BUSH: We found the weapons of mass destruction. We found biological laboratories. [Bush on Polish TV, 5/29/03]
POWELL: We have already discovered mobile biological factories of the kind that I described to the Security Council on the 5th of February. We have now found them. There is no question in our mind that that’s what their purpose was. Nobody has come up with an alternate purpose that makes sense. [Powell, 6/2/03]
WOLFOWITZ: We — as the whole world knows — have in fact found some significant evidence to confirm exactly what Secretary Powell said when he spoke to the United Nations about the development of mobile biological weapons production facilities that would seem to confirm fairly precisely the information we received from several defectors, one in particular who described the program in some detail. [Wolfowitz, 6/3/03]
Now, finally, primetime cable’s fiercest culture warrior has joined the battle. Last night, Bill O’Reilly invited on Newsweek’s John Meacham to discuss the brewing ‘war on Easter’:
O’REILLY: Although some left-wingers in the media deny it, we have documented a number of cases where Christian holidays like Christmas and Easter have been attacked by secular interests. Lawsuits and corporate policies have proved this point over and over again.
Doesn’t take much to get O’Reilly hopping mad.
The Washington Post story before:
The first pitch of the Washington Nationals’ second season at Robert F. Kennedy Memorial Stadium was low and away, bouncing in the dirt before being scooped up by catcher Brian Schneider. For that, Vice President Cheney received a round of boos from the home crowd this afternoon.
Actually, as the video documents, the booing started from the moment Cheney hit the field and continued until he left. After protests by Americablog and Firedoglake, The Washington Post has changed their copy:
Vice President Cheney threw out the ceremonial first pitch, a right-handed toss that bounced in the dirt to the outside of the plate before being scooped up by catcher Brian Schneider. Cheney, booed by some as he walked to the mound, got even more catcalls after his throw — a far cry from President Bush’s fastball at last year’s home opener.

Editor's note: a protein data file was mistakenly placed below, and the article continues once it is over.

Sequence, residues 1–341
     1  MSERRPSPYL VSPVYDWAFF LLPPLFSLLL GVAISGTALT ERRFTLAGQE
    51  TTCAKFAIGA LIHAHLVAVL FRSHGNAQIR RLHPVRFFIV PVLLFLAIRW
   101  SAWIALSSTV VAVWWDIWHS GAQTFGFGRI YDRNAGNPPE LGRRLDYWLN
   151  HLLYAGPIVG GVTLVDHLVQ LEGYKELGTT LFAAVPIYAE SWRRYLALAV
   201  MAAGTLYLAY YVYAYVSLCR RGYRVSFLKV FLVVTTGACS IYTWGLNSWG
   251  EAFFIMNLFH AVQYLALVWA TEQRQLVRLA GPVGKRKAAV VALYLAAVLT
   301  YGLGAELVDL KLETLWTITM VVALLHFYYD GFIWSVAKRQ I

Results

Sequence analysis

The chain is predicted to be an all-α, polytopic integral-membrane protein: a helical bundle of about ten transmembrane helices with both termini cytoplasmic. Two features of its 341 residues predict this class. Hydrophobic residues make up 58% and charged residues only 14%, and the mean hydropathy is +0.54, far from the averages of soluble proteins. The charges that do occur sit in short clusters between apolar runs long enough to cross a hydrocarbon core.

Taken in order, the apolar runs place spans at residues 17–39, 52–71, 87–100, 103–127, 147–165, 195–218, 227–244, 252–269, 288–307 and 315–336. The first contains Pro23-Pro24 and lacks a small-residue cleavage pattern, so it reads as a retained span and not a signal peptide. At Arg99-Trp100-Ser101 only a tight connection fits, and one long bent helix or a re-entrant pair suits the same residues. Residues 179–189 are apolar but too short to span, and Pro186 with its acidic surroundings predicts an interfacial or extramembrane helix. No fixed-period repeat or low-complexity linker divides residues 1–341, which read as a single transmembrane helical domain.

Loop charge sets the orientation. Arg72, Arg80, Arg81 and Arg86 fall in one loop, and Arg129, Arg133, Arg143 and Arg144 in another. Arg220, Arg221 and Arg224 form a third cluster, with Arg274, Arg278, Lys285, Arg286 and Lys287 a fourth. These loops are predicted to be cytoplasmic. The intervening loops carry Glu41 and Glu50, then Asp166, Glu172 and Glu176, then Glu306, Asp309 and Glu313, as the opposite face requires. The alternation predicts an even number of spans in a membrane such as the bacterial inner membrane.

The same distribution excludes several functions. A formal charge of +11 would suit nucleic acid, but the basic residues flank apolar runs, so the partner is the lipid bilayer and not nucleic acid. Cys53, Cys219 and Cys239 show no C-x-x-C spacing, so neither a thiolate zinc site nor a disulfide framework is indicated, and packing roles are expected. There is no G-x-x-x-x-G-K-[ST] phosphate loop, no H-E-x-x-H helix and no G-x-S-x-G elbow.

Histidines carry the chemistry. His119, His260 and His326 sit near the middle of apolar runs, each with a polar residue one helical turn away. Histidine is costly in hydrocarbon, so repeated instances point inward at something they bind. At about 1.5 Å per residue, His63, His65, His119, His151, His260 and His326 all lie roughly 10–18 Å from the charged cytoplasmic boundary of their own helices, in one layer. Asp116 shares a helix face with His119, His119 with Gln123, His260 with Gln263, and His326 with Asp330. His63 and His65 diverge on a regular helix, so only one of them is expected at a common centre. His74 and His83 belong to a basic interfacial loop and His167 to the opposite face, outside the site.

The new version is more accurate, but still clings to the notion that a significant amount of the booing was in response to the quality of Cheney’s throw. It’s contradicted by the Post’s own Reliable Source column which reports Cheney “drew boisterous boos from the moment he stepped on the field until he jogged off.”
While most lawmakers and lobbyists are disavowing the K Street Group, right-wing activist Grover Norquist is seeking a trademark on it, saying the group has been given a bad rap. “We will jealously guard the real phrasing the way Kleenex and Coca-Cola do. We will sue anyone who says it wrong and make lots of money.”
33: Number of American troops who have died in Iraq so far this month, exceeding the 31 killed in all of March.
A year after John Negroponte became the first director of national intelligence, key lawmakers worry that the spy agency is not fulfilling its vital mission. The office is “not adding any value” by enlarging the bureaucracy, said House Intelligence Committee Chairman Pete Hoekstra (R-MI). “They’re lengthening the time to make things happen.” (Maybe that has something to do with the 3 hours a day Negroponte spends at a health club?)
Unnamed “insiders” believe new White House Chief of Staff Josh Bolten is “leaning toward selecting an outsider” as the new head of the Office of Management and Budget. One person “even suggested that retiring Rep. Tom DeLay was being considered.”
Iran announced yesterday it had enriched uranium to 3.5 percent purity. For weapons-grade material, “they need to kick it up to about 80 percent and do so on an industrial-scale, all of which will likely take years.” Analysts suggested the announcement had more to do with political theater than technological advancement. Read more